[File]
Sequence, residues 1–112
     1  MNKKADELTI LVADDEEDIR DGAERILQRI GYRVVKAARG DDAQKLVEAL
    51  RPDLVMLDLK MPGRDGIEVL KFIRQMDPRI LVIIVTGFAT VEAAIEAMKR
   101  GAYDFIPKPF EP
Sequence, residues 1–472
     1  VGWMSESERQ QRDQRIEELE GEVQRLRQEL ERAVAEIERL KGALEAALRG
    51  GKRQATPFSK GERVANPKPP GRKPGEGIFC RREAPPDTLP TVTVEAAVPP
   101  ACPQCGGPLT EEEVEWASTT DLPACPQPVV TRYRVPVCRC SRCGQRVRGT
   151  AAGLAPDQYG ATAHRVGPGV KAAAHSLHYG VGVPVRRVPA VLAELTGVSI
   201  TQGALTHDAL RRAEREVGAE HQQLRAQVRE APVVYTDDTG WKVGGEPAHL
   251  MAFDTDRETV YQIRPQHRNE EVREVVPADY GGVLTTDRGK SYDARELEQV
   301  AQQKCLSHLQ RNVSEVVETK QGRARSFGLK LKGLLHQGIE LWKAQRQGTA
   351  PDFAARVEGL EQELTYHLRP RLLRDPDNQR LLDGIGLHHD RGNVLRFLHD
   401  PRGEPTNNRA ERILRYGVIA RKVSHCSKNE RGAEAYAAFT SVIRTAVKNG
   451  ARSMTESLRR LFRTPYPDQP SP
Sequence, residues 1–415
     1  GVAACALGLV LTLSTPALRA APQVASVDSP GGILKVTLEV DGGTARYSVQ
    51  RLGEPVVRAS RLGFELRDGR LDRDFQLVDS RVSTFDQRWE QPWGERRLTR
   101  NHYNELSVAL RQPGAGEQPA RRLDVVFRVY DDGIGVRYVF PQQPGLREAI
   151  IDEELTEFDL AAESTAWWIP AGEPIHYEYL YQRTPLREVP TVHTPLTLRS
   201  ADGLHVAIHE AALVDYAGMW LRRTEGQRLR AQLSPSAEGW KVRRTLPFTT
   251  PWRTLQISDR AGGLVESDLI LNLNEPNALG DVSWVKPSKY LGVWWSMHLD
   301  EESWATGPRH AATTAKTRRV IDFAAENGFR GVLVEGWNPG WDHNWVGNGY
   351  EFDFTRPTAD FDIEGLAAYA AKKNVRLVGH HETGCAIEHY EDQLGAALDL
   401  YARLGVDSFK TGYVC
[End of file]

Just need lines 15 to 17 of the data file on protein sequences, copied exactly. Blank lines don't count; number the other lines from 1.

   451  ARSMTESLRR LFRTPYPDQP SP
Sequence, residues 1–415
     1  GVAACALGLV LTLSTPALRA APQVASVDSP GGILKVTLEV DGGTARYSVQ